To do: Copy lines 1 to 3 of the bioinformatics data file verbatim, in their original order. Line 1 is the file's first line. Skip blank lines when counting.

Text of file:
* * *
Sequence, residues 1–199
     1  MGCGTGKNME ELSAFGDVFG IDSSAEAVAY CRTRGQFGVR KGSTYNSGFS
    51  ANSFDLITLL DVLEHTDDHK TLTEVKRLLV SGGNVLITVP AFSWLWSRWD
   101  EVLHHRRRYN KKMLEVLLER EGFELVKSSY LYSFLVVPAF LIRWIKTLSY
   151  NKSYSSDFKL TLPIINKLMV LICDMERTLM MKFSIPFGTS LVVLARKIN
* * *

Sequence, residues 1–199
     1  MGCGTGKNME ELSAFGDVFG IDSSAEAVAY CRTRGQFGVR KGSTYNSGFS
    51  ANSFDLITLL DVLEHTDDHK TLTEVKRLLV SGGNVLITVP AFSWLWSRWD